FLORHAM PARK, N.J. — Robert Saleh disagrees with Joe Namath’s scathing criticism of Zach Wilson, but the Jets coach concedes his quarterback needs to show improvement.
This was an important admission from Saleh, who has gone out of his way to support the struggling Wilson.
“We all acknowledge he has to play better,” Saleh said before practice Wednesday. “We all acknowledge that. He acknowledges that. Teammates acknowledge it, he acknowledges it himself. The key is to have confidence in yourself. You have to. You got to continually stack good days . . .
“For him, he definitely needs to get better.”
Saleh is trying to navigate the Jets through a potential land mine just three games into this season.
Things have gotten ugly and could get worse, especially in MetLife Stadium where the Jets will host reigning Super Bowl champion Kansas City on Sunday night.
Jets fans seem to have completely turned on Wilson. Aaron Rodgers chastised the team, saying they “need to grow up a little bit” during his weekly spot on “The Pat McAfee Show” on Tuesday.
On top of that, Namath, the Jets’ franchise legend, on Tuesday said he’s “seen enough of Wilson,” and wants him gone. Namath also said Saleh and general manager Joe Douglas should go, too, in an ESPN New York radio interview.
Saleh said he hasn’t spoken to Namath, and he’s entitled to his opinion.
“Obviously, Joe is an icon, a Hall of Famer and a well-respected individual in this organization,” Saleh said. “The door is always open for him to walk in. My office is always open for him. We’ll agree to disagree with his comments, but he is entitled to those comments.”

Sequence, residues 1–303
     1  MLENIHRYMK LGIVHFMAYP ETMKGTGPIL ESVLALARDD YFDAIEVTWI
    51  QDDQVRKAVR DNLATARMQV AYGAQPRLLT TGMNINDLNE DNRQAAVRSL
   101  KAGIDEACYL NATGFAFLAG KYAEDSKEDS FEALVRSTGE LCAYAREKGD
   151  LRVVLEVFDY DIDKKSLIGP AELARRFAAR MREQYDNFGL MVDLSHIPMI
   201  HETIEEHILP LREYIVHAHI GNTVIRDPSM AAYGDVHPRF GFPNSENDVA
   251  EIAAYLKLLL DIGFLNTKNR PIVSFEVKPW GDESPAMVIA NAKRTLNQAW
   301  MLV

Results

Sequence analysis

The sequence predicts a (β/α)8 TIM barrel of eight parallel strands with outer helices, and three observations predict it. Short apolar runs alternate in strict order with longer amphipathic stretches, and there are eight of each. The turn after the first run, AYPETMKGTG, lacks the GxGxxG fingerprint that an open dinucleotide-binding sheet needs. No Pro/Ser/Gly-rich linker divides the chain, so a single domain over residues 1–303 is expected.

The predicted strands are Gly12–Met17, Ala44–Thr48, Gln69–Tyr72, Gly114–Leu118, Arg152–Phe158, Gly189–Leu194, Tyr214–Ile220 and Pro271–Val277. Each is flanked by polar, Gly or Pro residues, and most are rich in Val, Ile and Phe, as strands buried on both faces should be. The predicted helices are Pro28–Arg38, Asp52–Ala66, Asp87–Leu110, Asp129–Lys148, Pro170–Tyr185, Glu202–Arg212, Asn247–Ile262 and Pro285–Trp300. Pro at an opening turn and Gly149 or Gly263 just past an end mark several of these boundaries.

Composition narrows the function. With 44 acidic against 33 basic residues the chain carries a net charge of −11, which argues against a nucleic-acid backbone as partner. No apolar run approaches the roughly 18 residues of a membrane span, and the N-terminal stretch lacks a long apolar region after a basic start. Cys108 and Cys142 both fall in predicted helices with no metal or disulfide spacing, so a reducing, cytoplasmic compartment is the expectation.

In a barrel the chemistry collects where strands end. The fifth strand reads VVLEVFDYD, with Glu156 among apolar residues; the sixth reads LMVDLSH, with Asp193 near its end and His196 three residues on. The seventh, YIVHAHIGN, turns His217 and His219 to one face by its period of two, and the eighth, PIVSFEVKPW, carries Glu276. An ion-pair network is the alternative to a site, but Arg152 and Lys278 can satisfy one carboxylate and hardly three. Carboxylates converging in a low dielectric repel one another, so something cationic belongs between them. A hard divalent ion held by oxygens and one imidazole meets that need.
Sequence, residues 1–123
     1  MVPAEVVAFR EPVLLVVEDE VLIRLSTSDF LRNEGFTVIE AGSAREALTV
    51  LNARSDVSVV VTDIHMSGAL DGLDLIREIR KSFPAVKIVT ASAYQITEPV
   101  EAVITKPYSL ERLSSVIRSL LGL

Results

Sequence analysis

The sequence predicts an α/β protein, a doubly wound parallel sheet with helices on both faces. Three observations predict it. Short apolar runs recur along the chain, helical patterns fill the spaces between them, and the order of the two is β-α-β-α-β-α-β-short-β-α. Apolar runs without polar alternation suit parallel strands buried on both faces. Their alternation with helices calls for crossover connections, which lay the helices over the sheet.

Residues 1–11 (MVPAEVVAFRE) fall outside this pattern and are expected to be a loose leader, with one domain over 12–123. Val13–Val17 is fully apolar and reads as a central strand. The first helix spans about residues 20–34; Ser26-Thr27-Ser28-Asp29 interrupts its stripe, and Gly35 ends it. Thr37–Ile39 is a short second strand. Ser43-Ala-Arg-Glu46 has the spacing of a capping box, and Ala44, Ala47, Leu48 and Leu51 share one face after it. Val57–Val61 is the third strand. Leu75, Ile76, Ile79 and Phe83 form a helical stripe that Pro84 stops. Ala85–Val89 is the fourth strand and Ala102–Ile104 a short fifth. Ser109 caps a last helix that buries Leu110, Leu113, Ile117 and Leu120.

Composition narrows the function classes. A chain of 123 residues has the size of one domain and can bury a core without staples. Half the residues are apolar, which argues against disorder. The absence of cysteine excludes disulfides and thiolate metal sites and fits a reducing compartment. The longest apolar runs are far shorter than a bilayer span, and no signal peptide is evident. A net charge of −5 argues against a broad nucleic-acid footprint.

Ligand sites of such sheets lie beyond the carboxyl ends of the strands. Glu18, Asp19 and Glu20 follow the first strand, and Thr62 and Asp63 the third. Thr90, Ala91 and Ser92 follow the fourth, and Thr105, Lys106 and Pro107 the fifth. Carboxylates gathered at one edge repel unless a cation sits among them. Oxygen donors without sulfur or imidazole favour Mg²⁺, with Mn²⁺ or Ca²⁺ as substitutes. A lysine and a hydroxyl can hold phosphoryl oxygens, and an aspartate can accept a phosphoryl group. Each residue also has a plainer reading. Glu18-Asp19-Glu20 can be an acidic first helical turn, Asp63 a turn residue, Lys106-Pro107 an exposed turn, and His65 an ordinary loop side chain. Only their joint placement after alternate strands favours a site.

The Jets (1-2) have lost two straight games and the offense has been mostly unwatchable in both of them. They scored one touchdown and 10 points in each loss, resulting in Wilson receiving vitriol from all angles.
The disgust from outside the Jets’ facility comes from seeing this from Wilson often. He’s played 25 games for the Jets — they’ve scored one touchdown or fewer in 20 of them.
Backup quarterback Tim Boyle believes Wilson is handling all of the negativity very well and he’s “done a good job of staying in his world.”
There’s been no long talk about what’s swirling around Wilson, but Boyle has reminded him to keep a very small circle right now.
“There’s really no need to be on social media, reading what people are saying about you,” Boyle said. “The confidence has to come from within and his teammates. I think we’re doing a good job of making sure he knows he’s the guy and that we still believe in him.
“It’s just little reminders: Live here, talk to your parents, talk to your friends, talk to your teammates. There’s no need to listen to anyone else right now. We’re on our own journey. It’d be a disservice to listen to that stuff and have it affect him.”
The Jets signed veteran quarterback Trevor Siemian to the practice squad Tuesday. The Jets will continue to ride with Wilson. For how long? It depends on Wilson.
This was supposed to be a reset season for Wilson, an opportunity to watch and learn from Rodgers. That lasted four offensive snaps as Rodgers tore his left Achilles tendon on the Jets’ first offensive series of the season.
The Jets need Wilson to develop quickly to meet the timetable of a team that’s ready to win now.
“You definitely have difficulties,” Saleh said. “Empathetically speaking, you go into a season and it’s like we have all these aspirations — and not that any of these aspirations are over, but you just get stunted four plays in and you’re trying to adjust on the fly.
“Guys are working diligently to try and figure the best way to utilize this group. That’s where, as a coach, you wish it happened] yesterday, but you have to continue grinding.”
Saleh has maintained that he’s seen Wilson improve in many areas, particularly in practice, but Wilson hasn’t been able to transfer that into the games. Saleh said the 24-year-old quarterback can’t lose faith and has to rise above all the noise and just play football.
“Once you start finding your success on game day that’s when everything snowballs into something pretty cool,” Saleh said. “You’ve got to be a dog, you have to be confident in your ability, you got to sling the rock and let it rip and let your playmakers do the work.”